The role of management in HR
In Iberia there's few intervention on line managers in HR policy, the rules are written and deployed by the HR department itself. According to Storey's (1992) the HR department in Iberia act as "regulators" as they act mainly with a tactical view and are interventionary.
In my opinion this role is played basically as a result of several external influences such as cost pressures which make the HR approach more tactical than strategical and internal influences like the management style of the company that gives few importance to the line managers as agents of the Human resource department. However, this can be the result of the particularities of this industry as it would be very difficult to line managers to deploy HR procedures or embrace a more individualistic style when the workforce is flying planes all over the world .
Strenghts and Weaknesses
In Iberia, in part due to the management style in place, the HR department devise a set of rules and then deploy them telling employees and manager what they shall do. A consultant process is inexistent and as a result, employees and managers see the process as another obstacle and end up avoiding doing what they have to do. What happens next is that HR moves into the role of a police enforcer, coercing employees and managers which gets everyone frustrated and distantiates HR from the rest of the company. Thus, the lack of a consultation process in place look like a major weakness of the HR role in the organisation.
The low use that the organisation make of line managers as agents to deploy Human Resource policies is another significant weakness. It doesn't matter how good is the HR strategy if it is not well implemented at a local level and this is something very difficult to do without the help of the line managers.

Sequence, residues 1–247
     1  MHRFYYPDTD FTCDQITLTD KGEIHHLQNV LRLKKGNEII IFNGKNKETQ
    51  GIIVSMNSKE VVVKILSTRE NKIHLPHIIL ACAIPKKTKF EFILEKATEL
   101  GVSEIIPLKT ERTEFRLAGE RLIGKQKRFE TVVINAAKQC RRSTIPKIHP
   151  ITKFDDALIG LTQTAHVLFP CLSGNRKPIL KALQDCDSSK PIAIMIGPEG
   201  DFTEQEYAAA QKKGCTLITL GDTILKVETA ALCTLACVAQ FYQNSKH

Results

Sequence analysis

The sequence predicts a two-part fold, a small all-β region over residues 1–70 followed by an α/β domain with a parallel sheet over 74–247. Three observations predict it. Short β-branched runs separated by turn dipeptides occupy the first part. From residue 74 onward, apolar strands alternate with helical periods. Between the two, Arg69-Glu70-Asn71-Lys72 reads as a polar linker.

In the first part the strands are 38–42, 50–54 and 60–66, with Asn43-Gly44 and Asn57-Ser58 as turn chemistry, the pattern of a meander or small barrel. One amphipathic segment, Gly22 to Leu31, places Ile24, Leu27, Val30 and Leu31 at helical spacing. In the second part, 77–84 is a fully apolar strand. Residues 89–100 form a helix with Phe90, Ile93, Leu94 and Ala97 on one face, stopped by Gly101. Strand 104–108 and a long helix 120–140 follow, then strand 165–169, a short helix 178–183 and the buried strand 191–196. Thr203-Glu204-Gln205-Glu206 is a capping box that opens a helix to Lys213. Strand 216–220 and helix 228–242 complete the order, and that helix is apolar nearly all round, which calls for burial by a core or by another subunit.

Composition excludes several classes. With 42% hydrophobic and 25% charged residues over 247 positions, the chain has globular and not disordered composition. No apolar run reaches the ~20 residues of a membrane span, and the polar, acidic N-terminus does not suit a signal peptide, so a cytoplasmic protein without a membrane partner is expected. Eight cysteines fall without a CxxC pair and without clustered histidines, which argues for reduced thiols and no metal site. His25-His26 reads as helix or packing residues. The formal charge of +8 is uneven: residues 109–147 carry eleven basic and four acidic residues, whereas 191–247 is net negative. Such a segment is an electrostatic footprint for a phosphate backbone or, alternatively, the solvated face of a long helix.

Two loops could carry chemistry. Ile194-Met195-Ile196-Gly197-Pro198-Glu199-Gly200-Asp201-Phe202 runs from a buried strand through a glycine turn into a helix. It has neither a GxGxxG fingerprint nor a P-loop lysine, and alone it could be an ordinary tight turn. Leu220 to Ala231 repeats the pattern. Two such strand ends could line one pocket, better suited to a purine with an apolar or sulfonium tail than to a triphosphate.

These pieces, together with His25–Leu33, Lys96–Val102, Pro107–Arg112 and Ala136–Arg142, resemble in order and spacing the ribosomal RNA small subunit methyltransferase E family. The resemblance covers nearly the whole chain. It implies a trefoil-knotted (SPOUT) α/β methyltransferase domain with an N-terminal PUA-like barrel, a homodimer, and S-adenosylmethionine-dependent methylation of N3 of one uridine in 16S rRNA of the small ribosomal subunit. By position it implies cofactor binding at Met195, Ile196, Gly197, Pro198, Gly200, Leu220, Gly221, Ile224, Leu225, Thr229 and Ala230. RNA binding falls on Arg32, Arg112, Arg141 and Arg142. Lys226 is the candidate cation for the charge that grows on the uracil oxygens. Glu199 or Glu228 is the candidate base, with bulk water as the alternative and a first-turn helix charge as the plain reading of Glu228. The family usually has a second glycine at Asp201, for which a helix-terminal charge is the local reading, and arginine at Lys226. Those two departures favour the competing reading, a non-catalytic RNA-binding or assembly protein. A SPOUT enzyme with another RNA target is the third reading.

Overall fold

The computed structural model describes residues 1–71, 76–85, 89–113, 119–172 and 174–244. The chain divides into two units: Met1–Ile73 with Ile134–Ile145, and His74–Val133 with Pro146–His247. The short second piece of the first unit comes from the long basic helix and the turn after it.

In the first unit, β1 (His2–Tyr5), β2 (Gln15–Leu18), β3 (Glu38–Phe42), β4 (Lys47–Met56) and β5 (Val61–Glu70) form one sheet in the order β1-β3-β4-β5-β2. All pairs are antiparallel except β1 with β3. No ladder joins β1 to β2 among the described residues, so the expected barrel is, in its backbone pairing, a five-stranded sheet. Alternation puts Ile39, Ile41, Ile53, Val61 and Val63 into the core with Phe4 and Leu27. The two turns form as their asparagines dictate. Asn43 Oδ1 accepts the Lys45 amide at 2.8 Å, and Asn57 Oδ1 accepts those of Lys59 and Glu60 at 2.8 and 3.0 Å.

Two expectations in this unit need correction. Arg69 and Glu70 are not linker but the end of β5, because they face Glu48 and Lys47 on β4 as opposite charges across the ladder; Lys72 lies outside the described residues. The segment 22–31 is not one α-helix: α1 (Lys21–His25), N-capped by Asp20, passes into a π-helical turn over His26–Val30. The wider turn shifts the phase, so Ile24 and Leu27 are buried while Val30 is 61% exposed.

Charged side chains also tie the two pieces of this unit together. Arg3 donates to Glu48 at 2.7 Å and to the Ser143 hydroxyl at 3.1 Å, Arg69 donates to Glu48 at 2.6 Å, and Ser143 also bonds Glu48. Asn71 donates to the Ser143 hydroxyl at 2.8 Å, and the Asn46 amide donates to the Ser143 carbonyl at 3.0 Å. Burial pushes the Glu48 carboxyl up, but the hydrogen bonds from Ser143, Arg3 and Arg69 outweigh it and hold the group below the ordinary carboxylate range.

However, putting some responsibilities in the hands of the line managers may not be the perfect solution. Line manager normally have many "operational" responsibilities and tend to give less priority to the Human Resource aspect of the management (I can tell from my own experience as first line manager in IBM) especially if they have many employees reporting to them. The policy of "use the line managers to deploy HR policies" have to be implemented with care deciding which tasks makes sense to be implemented by line managers and by the Human Resource department.
Mick Marchington and Adrian Wilkinson (2005), Human Resouce Management at Work, Third Edition (2005), Chartered Institute of Personnel and Developement, 151 The broadway. London, SW19 1JQ, UK
Purcel, J (1986)'Employee Relations Autonomy Within a Corporate Culture', Personeel Management, February
Storey, J. (1992)'Developments in the Management of Human Resources' Oxford: Blackwell
Helen Newell, study notes, The Warwick MBA for IBM, IB811Z, 2008, University of Warwick, Coventry CV4 7AL, UK